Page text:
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1 out of 36 men will die of prostate cancer. Get involved.

Our Mission

Our Mission

The Massachusetts Prostate Cancer Coalition (MPCC) educates, connects, and supports men-at-risk, newly diagnosed individuals, survivors, and their families. It also connects organizations and professionals in Massachusetts that seek to conquer and cure prostate cancer.

Our Vision: Educate | Inform | Advocate

 


 

 

Five Facts about Prostate Cancer

Five Facts about Prostate Cancer
  1. 1
    Prevalence
    Prostate cancer is the most common (non-skin) cancer in American men, representing 33% of all new cases.
  2. 2
    Prostate cancer affects 1 in 7 men.
    1 in 7 men will be diagnosed with prostate cancer during their lifetime. In 2015, nearly 6,000 men were diagnosed with prostate cancer in Massachusetts, with an incidence rate of 4%-6% higher than the national average.
  3. 3
    Second leading cause of cancer death in men.
    Prostate cancer is the second leading cause of cancer death in American men, behind only lung cancer. 
  4. 4
    Prostate cancer top risk factors.

    Ethnicity

    African-American men are twice as likely to die of prostate cancer as white men. Asian-Americans and Hispanic/Latinos have lower rates of prostate cancer than non-Hispanic white men.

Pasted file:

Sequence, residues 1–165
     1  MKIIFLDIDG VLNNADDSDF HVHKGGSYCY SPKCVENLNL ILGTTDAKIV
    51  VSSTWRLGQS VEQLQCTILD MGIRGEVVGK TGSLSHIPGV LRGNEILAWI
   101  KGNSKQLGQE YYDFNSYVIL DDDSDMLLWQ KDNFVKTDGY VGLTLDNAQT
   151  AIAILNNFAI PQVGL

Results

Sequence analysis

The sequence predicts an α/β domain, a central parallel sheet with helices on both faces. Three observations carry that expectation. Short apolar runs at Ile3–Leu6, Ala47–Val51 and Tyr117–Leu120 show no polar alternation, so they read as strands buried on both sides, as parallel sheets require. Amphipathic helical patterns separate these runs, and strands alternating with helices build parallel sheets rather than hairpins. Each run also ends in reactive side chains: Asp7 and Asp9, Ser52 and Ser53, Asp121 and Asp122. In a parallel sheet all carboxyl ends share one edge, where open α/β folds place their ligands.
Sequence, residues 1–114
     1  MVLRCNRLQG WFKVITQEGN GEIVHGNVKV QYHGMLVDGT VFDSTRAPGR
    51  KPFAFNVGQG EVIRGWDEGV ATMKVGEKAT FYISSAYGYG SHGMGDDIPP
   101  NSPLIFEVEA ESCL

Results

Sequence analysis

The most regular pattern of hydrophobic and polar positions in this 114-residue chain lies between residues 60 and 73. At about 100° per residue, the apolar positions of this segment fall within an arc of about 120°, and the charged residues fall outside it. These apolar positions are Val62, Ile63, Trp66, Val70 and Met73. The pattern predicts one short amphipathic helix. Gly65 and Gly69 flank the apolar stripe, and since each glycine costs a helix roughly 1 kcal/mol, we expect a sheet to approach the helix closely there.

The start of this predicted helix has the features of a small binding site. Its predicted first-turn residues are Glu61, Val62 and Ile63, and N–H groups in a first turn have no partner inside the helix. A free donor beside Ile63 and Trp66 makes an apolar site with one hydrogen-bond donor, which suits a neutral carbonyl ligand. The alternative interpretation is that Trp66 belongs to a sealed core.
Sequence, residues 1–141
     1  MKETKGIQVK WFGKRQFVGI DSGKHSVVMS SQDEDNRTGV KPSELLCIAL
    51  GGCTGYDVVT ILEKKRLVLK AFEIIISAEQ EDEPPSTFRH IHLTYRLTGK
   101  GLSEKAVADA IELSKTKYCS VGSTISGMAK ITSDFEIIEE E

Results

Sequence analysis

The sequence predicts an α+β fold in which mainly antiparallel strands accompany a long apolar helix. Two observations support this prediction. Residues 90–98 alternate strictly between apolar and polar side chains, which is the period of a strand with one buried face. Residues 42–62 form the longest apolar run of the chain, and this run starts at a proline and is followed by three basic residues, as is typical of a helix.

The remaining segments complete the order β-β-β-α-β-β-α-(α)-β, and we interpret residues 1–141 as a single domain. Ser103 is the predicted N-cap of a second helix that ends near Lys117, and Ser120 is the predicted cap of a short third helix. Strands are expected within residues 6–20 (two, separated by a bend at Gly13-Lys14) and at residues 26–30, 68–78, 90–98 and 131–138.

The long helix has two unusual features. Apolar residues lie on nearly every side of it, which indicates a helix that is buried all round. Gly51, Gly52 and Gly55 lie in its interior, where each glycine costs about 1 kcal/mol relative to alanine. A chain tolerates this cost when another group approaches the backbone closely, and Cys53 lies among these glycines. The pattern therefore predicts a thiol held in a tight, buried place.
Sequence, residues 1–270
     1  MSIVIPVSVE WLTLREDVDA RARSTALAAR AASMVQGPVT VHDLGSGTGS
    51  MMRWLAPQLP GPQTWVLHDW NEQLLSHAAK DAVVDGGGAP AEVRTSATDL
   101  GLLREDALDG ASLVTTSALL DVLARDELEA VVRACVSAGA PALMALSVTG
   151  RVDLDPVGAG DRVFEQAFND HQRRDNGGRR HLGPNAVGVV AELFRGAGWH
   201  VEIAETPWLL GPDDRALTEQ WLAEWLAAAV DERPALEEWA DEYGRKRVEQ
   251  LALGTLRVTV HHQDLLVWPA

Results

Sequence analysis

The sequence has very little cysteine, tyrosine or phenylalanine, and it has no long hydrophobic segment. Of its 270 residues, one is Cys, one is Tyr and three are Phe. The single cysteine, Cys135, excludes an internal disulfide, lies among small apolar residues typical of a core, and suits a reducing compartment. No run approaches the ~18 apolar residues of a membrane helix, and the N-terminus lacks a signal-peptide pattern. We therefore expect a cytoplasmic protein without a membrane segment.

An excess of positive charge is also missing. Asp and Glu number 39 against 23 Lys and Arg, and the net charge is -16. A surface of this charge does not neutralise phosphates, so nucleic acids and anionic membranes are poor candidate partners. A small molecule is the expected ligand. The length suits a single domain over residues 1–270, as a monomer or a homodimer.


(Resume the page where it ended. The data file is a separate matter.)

Age

    Prostate cancer occurs mainly in older men. About 6 cases in 10 are diagnosed in men aged 65 or older, and it is rare before age 40. The average age at the time of diagnosis is about 66.

  5. 5
    This year over 27,000 men will die of prostate cancer.

    Yet, most men diagnosed with prostate cancer will not die from it. In fact, more than 2.5 million men in the United States who have been diagnosed with prostate cancer are still alive today.


Statistics from The American Cancer Society 2017

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Sarm Prostate Cancer Study at Brigham and Women’s Hospital Go here to learn more.

Prostate cancer has recently been recognized as a genomically heterogeneous disease with subtypes similar to breast or ovarian cancers.  Read more read more →

Delivering radiation in a shorter time frame significantly reduced the chance of prostate cancer returning in men with an intermediate-risk form of the disease, a study found. Read more read more →